Jim Newton is one of the few remaining surfboard shapers and repairers in the local area; cheap imported boards have made it all but impossible to make a decent living out of the craft. Focus went along to Jim’s shaping bay, to find out more.
Currently one of the only people offering quality repairs for surfboards and SUPs in Coffs, if you spend time in the sea you will find your way to his door sooner or later.
Can you tell us about your connection to the Coffs Coast?
During the 1990s I lived in the Grafton area and made a few surfboards for Paul Guthrie’s “North Coast Surf Company”, in Grafton, Woolgoolga and Toormina.
I moved to Coffs Harbour in 1997 and I helped build the Christian City Church (C3) in June Street.
I was employed by Peter Lubans of “The Promenade” to run the canoe hire there and manage the maintenance of the “The Promenade”.
In 1994, I purchased the canoe hire and expanded it to include Coffs Kayak and Canoe Centre sales and hire.
In 2012 I was compelled to look into the surf industry in the Coffs region. I discovered a lack of specialist surfboard repairers.
Surf Craft Repairs re-emerged, and the desire to make surfboards again came as well. As a minor player in manufacturing, it does allow me to design new concepts and offer glassing services and tips to other young shapers around Coffs.
I sponsor a couple of riders in Coffs Harbour, in varying degrees – Joel Brennan and Josh Burrows (a few others are on the watch list).
Could you briefly explain what it is that you do?
Surf Craft Repairs repair all forms of surfing craft, surfboards, SUPs and SLSC craft.
Surfboards – new and second hand, plus accessories.
Newton Surfboards makes surfboards from young grom size to Malibus.
How long have you been involved in this line of work?
Since 1970 and on through into the ’90s.
I’m originally from North Narrabean in Sydney, where I made surfboards and repaired them, starting “Surf Craft Repairs” in 1978.
During the ’70s and ’80s I glassed surfboards for my brother, Bryan Newton, and other shapers on the Northern Beaches of Sydney.
I also a short stint at “Morning Star Surfboards” at Mona Vale in ‘79.
During the later 1980s, I spent time at “Bennett Surfboards” and “Shane Surfboards” with Shane Steadman and Rod Hocker, developing the epoxy systems some manufacturers are using today.
Where did you learn how to work with surfboards, resin and foam?
I am self taught – knowing there has to be better ways … finding new ways to do things.
However, watching others in manufacturing in the industry (covertly), had a lot to do with it.
I learnt from some of the best: Col Smith, Bryan Newton, Barry Bennett, Shane Steadman, Rod Hocker and others, all legends.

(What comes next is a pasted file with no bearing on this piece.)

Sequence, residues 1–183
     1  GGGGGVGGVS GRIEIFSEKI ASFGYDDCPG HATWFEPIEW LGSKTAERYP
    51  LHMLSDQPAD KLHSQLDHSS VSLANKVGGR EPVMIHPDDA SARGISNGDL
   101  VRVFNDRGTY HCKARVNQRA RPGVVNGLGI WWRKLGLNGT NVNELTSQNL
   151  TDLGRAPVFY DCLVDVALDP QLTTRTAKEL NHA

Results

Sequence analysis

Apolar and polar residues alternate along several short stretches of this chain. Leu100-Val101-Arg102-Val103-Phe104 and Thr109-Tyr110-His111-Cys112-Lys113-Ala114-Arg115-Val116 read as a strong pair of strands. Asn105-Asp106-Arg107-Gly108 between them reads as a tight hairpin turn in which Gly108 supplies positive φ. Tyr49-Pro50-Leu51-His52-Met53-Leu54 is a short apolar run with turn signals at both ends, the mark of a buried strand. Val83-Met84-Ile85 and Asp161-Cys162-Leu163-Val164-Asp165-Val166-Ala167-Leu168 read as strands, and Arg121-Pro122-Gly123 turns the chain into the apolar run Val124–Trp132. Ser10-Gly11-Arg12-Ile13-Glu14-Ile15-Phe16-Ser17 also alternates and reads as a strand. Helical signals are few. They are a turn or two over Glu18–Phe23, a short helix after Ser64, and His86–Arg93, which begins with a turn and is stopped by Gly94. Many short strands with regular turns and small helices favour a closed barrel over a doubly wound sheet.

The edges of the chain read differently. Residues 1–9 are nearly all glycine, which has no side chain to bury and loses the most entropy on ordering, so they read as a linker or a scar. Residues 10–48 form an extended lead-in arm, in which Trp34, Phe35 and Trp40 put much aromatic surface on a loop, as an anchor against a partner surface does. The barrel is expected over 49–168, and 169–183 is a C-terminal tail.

The industry was a lot more close-knit in those days. Although each had their way, many still shared.
How have things changed in the industry?
Those who know have become more protective of their knowledge; in part, because we have seen many in the industry ripped off.
The Australian “Free Trade” arrangements has not benefitted small business in Australia; it has put many out of business. So much for a government that says it prides itself on supporting small business!
The imports from China, Thailand, Indonesia and Vietnam have damaged the local industry with inferior product (some improvements have been made, but nowhere near enough).
“Entrepreneurs” have thought more about making a buck, than looking after local industries, having taken advantage of the “free trade” – killing many small businesses.
You also do a lot of repairs. Can you briefly describe the range of what comes through the door?
The biggest change in the surfboard industry since the 1970s has been the quality of the workmanship in making a surf craft.
In the early years, surfboards were made to last.
Today, many of the surfboards you buy have a life span of three months (surf hard, you could go through a few surfboards each year).
The products I repair the most are “off the shelf” surfboards, most made overseas.
This includes surfboards, SUPs (Stand Up Paddleboards), and SLSC paddleboards.
Damage? Everything; I fix everything – polyester and epoxy.
What makes a good surfboard?
Simply, a surfboard made to meet local conditions, from local surfers with local knowledge.
e.g. Why buy an $850 surfboard, when a local guy can do it for less than $600?
What advice would you give to someone who is looking to purchase his or her first board?
It is all a “size to weight” ratio.
If you’re small, you don’t need an 8 – 9 foot Malibu.
If you’re big, maybe you do.
However, something around 7 foot.
A foamie is OK for about three months, then you’ll get frustrated.
For a young grom (youngster surfer), no bigger than 6 foot, with some area in the shape.
There are very few shapers left in the local area; why is that?
I have covered that previously … imports, disillusion.
There are a few still holding to the vision: Ron Goddard, Richie West, Dennis Anderson.
What do you love most about surfing on the Coffs Coast?
Mateship sums it up. Much of that has disappeared in Sydney, where I grew up.
Where can people contact you?
Surf Craft Repairs / Jim’s Tradition Backyard Surf Shop / Newton Surfboards.
Ph. 0402 864 062.
4/6 Druitt Court, Coffs Harbour (directly behind “Lifehouse Church”).